Blanche Ames’ name is familiar to many for her varied accomplishments as an artist, botanical researcher, and activist. Her truly pioneering spirit and action-oriented attitude also led her to create a number of inventions, adding to her reputation in the early 20th century as somewhat of a “renaissance woman.”
Born into a prominent family in Lowell, Massachusetts, on Feb. 18, 1878, Ames was the daughter of General Adelbert Ames, an American Civil War union officer who would later become Governor of Mississippi, and Blanche Butler, daughter of Benjamin Butler, who was Governor of Massachusetts and ran for President in 1884 against Grover Cleveland. Ames was one of six children.
She earned a bachelor's degree at Smith College in 1899, where she also served as class president. In 1900, she married Oakes Ames (who was unrelated), a botany instructor at Harvard University. The couple had four children before 1910. Meanwhile, Ames, a talented artist, published cartoons in favor of women’s suffrage and, continuing from her college days, was involved with the Massachusetts Suffrage Association. She and her husband built a mansion in North Easton, Massachusetts on land they called Borderland, where she had an art studio. There she painted portraits for prominent people in the area, continued to draw political cartoons for publication, and began illustrating orchids for her husband to accompany his research.
Ames became very well known for her orchid drawings, producing hundreds of them over a 50-year span, mainly related to her husband’s research in orchidology. Together, the Ames created a comprehensive body of research on the Orchidicae class of plants and also developed the Ames Charts, watercolor-illustrated charts showing important plants’ phylogenetic relationships.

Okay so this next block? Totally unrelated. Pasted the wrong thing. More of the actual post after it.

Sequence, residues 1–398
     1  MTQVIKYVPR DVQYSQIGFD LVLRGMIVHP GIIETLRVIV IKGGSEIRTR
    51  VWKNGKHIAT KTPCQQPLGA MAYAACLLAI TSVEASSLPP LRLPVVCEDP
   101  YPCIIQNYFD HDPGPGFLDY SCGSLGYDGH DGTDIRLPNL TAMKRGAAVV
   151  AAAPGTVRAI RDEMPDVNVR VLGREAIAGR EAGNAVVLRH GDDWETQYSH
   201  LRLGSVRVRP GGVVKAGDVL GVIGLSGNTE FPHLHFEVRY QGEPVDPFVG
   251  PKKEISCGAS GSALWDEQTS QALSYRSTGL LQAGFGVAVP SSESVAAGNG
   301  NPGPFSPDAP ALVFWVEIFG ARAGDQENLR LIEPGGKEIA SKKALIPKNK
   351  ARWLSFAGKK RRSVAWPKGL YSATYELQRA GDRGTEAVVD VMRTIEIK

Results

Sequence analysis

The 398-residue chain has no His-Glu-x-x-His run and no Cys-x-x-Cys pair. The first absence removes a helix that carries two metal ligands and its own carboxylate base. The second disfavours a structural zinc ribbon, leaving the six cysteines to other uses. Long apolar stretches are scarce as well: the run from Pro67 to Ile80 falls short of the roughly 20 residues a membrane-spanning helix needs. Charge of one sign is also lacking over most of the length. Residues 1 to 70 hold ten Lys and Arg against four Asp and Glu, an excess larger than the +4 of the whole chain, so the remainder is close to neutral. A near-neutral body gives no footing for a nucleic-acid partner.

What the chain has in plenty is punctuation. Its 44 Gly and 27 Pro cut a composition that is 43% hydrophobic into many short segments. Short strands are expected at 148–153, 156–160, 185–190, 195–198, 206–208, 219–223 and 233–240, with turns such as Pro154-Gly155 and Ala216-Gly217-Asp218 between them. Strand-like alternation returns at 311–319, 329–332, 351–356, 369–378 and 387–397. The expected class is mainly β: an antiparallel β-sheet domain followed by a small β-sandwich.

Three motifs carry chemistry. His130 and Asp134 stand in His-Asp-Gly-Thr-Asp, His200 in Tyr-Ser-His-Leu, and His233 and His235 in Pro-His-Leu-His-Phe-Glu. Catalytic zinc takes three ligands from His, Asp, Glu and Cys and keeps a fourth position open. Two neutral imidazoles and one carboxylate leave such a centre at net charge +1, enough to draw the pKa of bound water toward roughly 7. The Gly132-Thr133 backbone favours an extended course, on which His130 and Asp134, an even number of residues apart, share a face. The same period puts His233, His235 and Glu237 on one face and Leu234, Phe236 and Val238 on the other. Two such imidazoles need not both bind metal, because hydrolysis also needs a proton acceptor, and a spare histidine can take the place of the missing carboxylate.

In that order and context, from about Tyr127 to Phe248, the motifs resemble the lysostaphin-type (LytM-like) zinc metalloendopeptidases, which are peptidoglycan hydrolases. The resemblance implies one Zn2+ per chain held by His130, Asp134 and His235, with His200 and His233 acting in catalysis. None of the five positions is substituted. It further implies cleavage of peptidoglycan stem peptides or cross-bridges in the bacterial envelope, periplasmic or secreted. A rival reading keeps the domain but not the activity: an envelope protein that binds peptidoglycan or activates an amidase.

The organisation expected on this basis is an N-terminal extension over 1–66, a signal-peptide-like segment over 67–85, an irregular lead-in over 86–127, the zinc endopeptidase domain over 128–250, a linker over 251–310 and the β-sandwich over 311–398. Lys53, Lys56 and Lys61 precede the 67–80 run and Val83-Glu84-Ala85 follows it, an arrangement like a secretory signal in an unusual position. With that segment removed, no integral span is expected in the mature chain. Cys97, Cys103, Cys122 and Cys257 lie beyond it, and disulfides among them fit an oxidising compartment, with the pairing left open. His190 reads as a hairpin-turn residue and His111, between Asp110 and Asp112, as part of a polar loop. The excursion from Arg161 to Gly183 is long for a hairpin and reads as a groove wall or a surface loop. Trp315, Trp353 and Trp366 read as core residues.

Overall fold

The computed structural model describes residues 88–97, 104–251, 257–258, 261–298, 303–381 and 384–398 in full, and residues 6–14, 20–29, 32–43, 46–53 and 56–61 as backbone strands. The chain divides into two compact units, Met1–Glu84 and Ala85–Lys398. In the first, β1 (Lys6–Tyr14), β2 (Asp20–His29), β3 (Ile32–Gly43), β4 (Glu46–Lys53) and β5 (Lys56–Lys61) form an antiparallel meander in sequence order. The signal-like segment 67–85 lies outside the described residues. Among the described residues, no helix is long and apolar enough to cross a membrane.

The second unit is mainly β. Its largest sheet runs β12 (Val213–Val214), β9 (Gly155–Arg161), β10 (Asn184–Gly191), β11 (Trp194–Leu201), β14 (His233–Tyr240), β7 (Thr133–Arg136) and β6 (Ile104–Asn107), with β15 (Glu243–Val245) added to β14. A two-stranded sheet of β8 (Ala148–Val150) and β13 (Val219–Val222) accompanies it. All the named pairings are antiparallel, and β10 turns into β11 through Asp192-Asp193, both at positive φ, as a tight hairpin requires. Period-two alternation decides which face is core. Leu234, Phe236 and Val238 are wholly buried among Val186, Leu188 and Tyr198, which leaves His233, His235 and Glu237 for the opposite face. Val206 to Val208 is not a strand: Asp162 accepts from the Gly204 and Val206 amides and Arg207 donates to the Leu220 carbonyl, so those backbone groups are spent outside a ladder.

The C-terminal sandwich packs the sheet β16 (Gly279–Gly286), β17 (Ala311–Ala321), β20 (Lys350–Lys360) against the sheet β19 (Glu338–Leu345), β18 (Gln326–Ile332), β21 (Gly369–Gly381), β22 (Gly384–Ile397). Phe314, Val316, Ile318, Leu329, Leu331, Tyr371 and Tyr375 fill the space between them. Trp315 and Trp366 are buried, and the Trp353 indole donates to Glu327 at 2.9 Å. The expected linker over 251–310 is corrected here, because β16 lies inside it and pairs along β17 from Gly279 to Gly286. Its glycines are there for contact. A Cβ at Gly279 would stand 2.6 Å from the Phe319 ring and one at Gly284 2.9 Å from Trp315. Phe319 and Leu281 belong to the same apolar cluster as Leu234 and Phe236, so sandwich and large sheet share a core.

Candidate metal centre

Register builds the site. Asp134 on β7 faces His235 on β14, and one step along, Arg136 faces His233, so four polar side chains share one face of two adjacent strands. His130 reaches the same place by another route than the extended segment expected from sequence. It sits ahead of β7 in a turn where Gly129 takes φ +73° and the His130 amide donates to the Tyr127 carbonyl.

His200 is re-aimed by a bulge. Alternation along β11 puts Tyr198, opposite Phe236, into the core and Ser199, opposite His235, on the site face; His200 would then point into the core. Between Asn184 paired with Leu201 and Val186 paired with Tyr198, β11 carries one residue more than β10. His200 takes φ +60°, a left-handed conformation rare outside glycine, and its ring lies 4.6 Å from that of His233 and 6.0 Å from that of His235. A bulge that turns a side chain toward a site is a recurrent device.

A staunch Republican, Ames was a political activist as well, an outspoken feminist who worked hard to achieve women’s right to vote and women’s rights to birth control. She co-founded the Birth Control League of Massachusetts in 1916, a regional chapter affiliated with Margaret Sanger’s national initiative.
Through all of these activities, Ames was an innovator who was constantly thinking up new devices, processes, and policies that she hoped would make the world a better place. This included inventing. During World War II, she invented and patented a method for using strings held by balloons at high altitudes to try and trip up the propellers of enemy planes. The concept was said to have been demonstrated to military officials at Borderland, but it came a bit too late and was never actually used in the war effort.
She also patented a toilet design that she hoped would be better for the environment. She also developed, with her brother, Adelbert, a scientific method for mixing paints to certain color specifications. She created a method for cutting hexagonal shapes in wood. She designed and created plans for many of the dams and ponds surrounding her home at Borderland, and even worked on ways to breed a more disease-resistant turkey.
Ames continued to serve in the public eye throughout her life as well. In 1941, she became a member of the corporation of the New England Hospital for Women and Children. She was named President of the board in 1952 and was successful in securing significant funding for the institution’s growth and expansion.
When she was 80 years old, she wrote the biography of her father, “Adelbert Ames: Broken Oaths and Reconstruction in Mississippi, 1853-1933.” She lived at Borderland until her death in 1969, at the age of 91. Borderland has since been turned into a Massachusetts State Park.